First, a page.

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Moving Men into the Mainstream: Best Practices in Prisoner Reentry Assistance

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issue brief

Moving Men into the Mainstream: Best Practices in Prisoner Reentry Assistance

March 11, 2008
Urban PolicyCrime
OtherPrisoner Reentry

In July 23, 2007, two felons recently released from prison robbed and torched a Connecticut doctor’s house, holding hostage, sexually assaulting, and eventually killing his wife and two daughters. The distraught husband and father survived. Two weeks later, in Newark, New Jersey, a group of young thugs, led by a released felon with another case pending against him, took the lives of three college-bound youths in what has been described as an execution-style murder. A fourth youth survived despite suffering a gunshot wound to her head.

These crimes, though more brutal than the norm, nonetheless dramatize an enormous problem facing state and local officials throughout the country: what to do about the fact that almost two million offenders will be released from prison in the next three years. Nearly two-thirds of those released will be rearrested within three years, many of them the beneficiaries of early release policies, and many of the arrests will occur within just six months of their release.

The two Connecticut marauders, repeat offenders, were on parole when they attacked, and had been through a drug-treatment center as well as a halfway house to which they had been assigned, after screening, by the Connecticut Department of Correction. In the case of these two, it is difficult to argue that anything but their continued incarceration could have saved the lives of the Hawke-Petit family. But it is equally difficult to judge alternatives to punishment as failures when ex-offenders are lacking employment, training, mentors, and networks of supporters who can facilitate their reentry into civil society.

Substantial research on offender characteristics might help predict the level of threat an individual poses or his chances of recidivating, including single marital status, unemployment, and a history of drug abuse. Yet judges and parole boards mostly avoid weighing these characteristics when they are sentencing a particular defendant. One of the authors, a former prosecutor, recalls the complaints he heard from legal and ethics scholars when he used empirical research to help him decide which persons to charge as career criminals.

At the same time, the impact of individual characteristics can be strongly affected by external factors. As Jeremy Travis, president of John Jay College of Criminal Justice (part of CUNY) and the author of a pioneering study of prisoner reentry, has written: “Risk is not a static attribute of a particular offender; rather, an offender’s environment, including prospective guardians and opportunities for re-offending, influences his propensity to make unwise choices.” According to Travis, environmental or community factors that affect reintegration include:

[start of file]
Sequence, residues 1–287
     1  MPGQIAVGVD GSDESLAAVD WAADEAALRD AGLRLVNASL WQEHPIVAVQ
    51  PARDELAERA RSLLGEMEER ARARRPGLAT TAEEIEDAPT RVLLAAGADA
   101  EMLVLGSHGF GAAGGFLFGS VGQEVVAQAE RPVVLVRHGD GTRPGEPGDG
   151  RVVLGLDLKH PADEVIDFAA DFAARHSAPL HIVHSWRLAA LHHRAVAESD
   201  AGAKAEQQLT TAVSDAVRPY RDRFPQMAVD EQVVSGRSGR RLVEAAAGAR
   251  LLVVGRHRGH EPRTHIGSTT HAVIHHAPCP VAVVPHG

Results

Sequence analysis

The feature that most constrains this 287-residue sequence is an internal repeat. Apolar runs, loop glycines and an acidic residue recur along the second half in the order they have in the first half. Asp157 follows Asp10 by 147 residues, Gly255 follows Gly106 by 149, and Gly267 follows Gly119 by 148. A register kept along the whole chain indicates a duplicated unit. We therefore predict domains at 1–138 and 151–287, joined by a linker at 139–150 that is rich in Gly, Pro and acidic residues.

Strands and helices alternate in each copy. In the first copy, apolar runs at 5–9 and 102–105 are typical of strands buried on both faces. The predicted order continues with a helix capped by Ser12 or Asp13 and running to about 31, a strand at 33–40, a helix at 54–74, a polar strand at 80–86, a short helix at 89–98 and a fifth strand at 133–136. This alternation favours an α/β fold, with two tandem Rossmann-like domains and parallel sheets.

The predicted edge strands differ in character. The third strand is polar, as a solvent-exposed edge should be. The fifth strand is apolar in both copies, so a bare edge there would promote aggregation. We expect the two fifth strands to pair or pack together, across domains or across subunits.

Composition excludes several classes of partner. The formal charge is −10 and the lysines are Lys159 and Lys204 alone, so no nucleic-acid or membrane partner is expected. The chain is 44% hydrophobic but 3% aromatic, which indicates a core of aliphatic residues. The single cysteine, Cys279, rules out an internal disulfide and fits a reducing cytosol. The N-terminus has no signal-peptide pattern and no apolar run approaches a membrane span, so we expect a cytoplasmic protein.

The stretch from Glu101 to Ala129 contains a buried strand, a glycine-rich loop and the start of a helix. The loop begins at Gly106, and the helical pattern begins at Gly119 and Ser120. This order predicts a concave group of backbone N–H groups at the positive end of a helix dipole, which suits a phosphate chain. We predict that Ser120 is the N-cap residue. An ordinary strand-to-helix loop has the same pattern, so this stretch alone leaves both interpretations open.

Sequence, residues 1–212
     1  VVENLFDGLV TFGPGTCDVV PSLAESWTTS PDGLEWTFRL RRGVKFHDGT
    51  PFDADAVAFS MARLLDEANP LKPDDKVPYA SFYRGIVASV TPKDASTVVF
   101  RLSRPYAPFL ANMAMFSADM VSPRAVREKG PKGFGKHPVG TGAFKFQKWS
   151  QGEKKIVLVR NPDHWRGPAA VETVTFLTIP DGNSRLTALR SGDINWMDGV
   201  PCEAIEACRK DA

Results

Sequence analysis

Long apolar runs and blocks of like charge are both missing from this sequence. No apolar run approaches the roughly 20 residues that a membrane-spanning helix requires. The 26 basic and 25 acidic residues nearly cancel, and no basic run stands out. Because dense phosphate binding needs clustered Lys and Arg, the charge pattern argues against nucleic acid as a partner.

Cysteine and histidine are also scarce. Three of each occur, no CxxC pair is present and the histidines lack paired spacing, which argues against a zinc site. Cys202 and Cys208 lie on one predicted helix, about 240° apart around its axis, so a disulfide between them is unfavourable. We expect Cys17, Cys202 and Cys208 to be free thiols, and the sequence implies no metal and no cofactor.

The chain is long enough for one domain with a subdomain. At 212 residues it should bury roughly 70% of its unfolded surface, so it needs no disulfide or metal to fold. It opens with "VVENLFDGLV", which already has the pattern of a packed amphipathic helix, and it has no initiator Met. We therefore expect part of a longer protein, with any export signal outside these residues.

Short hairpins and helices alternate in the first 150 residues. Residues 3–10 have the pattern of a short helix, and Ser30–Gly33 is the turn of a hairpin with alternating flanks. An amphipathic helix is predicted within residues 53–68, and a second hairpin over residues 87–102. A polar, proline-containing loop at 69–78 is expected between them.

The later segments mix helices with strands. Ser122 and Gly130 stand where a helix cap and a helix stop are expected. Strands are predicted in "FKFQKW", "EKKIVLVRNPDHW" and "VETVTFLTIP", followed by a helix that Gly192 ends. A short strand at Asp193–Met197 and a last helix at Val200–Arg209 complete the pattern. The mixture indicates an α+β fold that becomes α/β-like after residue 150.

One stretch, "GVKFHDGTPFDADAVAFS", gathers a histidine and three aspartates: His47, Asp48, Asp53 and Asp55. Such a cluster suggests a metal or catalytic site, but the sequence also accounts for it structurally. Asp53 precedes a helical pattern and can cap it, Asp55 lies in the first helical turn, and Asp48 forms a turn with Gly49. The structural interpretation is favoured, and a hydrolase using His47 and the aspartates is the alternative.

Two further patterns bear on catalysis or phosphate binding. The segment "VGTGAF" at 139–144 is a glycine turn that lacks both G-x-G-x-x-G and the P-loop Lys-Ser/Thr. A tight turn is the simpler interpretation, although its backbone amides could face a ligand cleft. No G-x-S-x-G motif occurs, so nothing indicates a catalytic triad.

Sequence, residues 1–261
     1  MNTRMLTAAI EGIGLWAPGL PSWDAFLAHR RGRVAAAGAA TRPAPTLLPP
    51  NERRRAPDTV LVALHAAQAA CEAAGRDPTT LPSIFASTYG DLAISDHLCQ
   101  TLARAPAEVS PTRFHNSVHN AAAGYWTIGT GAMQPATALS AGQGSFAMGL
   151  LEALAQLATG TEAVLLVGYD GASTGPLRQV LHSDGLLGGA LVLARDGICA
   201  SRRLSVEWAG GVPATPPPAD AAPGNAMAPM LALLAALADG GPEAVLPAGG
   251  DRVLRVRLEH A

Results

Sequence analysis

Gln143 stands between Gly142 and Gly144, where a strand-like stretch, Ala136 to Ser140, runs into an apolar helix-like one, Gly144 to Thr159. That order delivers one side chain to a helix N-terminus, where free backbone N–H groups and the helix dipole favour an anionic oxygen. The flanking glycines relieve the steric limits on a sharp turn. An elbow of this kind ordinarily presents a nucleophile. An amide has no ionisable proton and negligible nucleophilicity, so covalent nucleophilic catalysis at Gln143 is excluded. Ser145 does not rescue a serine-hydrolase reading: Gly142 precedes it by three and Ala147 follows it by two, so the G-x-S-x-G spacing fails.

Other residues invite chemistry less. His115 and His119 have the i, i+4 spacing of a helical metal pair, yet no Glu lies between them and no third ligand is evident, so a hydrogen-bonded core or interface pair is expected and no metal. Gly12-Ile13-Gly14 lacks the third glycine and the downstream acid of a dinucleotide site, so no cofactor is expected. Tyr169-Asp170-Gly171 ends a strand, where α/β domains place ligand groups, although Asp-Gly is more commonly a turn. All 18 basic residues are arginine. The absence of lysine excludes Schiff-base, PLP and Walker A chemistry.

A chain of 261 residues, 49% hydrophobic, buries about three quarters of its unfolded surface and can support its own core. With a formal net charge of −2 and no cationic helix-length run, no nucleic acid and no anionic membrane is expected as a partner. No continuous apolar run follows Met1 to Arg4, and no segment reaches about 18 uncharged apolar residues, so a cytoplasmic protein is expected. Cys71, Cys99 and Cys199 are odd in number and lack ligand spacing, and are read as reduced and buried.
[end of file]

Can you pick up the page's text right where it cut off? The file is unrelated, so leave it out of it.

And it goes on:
• shortage of public housing
  • child-support payments
  • gang activity (in and out of prison)
  • social characteristics of neighborhoods § restrictions on where ex-offenders can work and limited job prospects
  • no savings and no immediate entitlement to unemployment benefits

In short, predicting future behavior, difficult in its own right, should not be attempted in a vacuum. Evidence shows that involving neighbors, peers, and employers in the reintegration of ex-offenders, assisted by organizations that are both faith-based and secular, for-profit and not-for-profit, can make a large difference. Our site visits and reviews of the literature certainly support this conclusion. We came across many programs and individuals that helped ex-offenders become productive citizens.

Unfortunately, most state penal and judicial officials are not working with or sponsoring effective reentry programs. Instead, they approach this looming public safety disaster without a clear mission, quantitative measures of success, or evidence-based decision making. In addition, officials generally do not direct public expenditures to where they might make the greatest difference. For example, offenders likely to succeed on release do not need intensive programs, yet they are enrolled in them; and offenders judged likely to commit a serious crime upon release—no matter the intervention—should not be released, yet they are.

These things happen in part because there is no criminal-justice system as such, but only assortments of officials in every state who make decisions like the above on the basis of their own tolerance for risk rather than a general understanding of the requirements for community safety. Yet the reality is that each decision— the arrest, charge, length of sentence, prison policies, and release decision—affects all the others.